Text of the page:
WASHINGTON, D.C. – April 16, 2013 – (RealEstateRama) — Reform of the right to buy in Scotland could be derailed by the independence referendum, according to two leading national housing bodies.
The Chartered Institute of Housing Scotland and the Scottish Federation of Housing Associations say that despite overwhelming support for outright abolition of the right to buy in last year’s consultation, Ministers have given no indication of their decision on what will go into the forthcoming Housing Bill.
The 2012 consultation proposed either to reduce discounts or abolish the right altogether. In November it was reported that 92% of RSLs and 81% of the local authorities supported abolition, along with four out of five tenant groups. The main reason given for supporting abolition was to stem the loss of affordable rented homes from the social rented sector.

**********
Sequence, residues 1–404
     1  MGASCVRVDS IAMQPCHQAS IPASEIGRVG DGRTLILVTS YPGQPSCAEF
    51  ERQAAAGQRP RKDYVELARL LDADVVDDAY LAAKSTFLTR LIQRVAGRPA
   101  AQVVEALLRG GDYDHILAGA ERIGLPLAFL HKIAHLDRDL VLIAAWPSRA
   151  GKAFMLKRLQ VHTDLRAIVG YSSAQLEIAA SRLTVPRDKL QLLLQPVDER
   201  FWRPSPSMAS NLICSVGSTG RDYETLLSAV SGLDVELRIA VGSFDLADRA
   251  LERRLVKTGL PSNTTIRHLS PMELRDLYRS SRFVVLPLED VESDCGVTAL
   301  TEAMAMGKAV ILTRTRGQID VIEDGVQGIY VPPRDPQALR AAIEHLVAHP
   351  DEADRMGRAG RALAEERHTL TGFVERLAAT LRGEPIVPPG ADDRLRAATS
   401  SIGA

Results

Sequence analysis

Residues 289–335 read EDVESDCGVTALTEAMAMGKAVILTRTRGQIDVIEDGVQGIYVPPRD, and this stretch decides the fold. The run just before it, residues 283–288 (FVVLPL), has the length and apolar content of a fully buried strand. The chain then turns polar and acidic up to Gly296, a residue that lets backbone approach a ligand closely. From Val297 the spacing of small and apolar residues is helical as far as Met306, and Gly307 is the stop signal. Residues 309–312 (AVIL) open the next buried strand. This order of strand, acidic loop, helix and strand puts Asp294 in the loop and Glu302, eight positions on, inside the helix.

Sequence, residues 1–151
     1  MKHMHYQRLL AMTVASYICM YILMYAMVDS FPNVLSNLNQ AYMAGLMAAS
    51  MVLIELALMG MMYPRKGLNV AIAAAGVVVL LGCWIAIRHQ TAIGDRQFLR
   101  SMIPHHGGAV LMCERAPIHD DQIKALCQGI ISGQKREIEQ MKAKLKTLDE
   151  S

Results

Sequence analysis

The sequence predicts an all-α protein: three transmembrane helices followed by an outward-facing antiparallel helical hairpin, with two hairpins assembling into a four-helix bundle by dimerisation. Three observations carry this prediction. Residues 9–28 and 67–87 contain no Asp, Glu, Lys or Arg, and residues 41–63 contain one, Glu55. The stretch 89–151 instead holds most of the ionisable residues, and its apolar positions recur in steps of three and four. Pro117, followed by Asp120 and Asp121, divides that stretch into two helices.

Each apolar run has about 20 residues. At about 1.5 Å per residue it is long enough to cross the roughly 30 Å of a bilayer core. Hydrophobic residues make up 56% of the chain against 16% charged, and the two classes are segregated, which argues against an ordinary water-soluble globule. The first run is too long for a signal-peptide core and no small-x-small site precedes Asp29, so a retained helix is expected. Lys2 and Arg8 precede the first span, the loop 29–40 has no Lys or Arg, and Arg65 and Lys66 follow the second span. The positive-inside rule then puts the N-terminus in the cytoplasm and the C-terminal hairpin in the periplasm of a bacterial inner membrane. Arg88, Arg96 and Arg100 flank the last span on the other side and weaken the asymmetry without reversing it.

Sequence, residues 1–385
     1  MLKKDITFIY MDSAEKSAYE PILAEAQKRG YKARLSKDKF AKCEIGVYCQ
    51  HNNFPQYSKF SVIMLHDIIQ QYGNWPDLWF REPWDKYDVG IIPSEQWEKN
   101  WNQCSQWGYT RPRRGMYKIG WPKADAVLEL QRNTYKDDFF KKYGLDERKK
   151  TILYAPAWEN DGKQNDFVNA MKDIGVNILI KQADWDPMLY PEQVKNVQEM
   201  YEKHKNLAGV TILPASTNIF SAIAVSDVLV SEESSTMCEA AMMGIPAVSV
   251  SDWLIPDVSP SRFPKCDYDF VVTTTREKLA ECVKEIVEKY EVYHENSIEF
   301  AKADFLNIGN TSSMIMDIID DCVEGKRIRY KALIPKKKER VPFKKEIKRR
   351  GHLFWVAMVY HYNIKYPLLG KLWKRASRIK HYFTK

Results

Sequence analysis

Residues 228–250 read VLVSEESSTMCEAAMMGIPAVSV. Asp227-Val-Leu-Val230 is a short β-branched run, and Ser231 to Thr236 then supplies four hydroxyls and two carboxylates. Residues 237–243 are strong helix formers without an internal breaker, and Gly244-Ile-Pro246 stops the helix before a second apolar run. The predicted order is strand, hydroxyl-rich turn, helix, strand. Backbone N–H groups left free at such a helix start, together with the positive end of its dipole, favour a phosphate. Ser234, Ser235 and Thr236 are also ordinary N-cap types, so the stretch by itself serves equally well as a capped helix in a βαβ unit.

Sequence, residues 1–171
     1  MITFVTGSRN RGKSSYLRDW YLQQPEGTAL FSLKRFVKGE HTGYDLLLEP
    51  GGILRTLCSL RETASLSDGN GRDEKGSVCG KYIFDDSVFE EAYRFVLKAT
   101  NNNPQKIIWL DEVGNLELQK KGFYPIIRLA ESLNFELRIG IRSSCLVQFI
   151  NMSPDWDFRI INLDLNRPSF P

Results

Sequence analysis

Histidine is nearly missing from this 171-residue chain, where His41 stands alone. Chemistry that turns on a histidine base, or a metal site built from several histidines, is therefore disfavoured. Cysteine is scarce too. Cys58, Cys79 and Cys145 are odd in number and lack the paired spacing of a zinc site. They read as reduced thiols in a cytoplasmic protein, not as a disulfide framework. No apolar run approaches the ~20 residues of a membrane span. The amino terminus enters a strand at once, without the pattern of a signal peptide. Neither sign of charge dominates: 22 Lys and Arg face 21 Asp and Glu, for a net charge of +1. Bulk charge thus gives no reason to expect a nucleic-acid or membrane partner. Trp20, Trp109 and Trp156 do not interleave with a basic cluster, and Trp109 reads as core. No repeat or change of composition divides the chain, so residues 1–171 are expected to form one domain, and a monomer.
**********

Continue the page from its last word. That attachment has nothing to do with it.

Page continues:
Alan Ferguson, Director of CIH Scotland, said:
“Ministers are said to be ‘considering the options’, but one might imagine that this would have been undertaken prior to the options being presented in the consultation. Given the outcome of the consultation, it’s a real concern that everything has gone quiet.
“Of course we’re speculating, but there’s a fear that the approaching referendum might be leading to a reluctance to progress policies that some tenants might not like. Only prompt reassurance from the Scottish Government that they are indeed intending to act on the clear outcome of the consultation will allay our suspicions”.
Dr Mary Taylor, Chief Executive of SFHA, said:
“Scottish people did not generally vote for the introduction of the policy back in 1980 and the Scottish Government now has an opportunity to use its devolved powers to decide once and for all the fate of right to buy.
It’s a worry if the referendum is having a ‘don’t rock the boat’ impact on the regular business of progressing important legislation. The future of the right to buy now needs to be addressed in as transparent and decisive a way as possible”.
Contact: David Bookbinder on 07950 684153